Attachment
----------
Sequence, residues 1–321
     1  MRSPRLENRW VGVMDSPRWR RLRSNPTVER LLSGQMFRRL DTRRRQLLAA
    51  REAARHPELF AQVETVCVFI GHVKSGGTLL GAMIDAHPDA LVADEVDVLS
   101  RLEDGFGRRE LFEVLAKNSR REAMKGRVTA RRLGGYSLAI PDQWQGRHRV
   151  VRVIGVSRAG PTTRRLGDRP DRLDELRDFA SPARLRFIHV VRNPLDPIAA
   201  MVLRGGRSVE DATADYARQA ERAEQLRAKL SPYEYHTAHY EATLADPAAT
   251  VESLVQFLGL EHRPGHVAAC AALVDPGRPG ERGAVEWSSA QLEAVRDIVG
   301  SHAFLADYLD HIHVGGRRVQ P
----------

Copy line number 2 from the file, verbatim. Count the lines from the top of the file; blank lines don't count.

     1  MRSPRLENRW VGVMDSPRWR RLRSNPTVER LLSGQMFRRL DTRRRQLLAA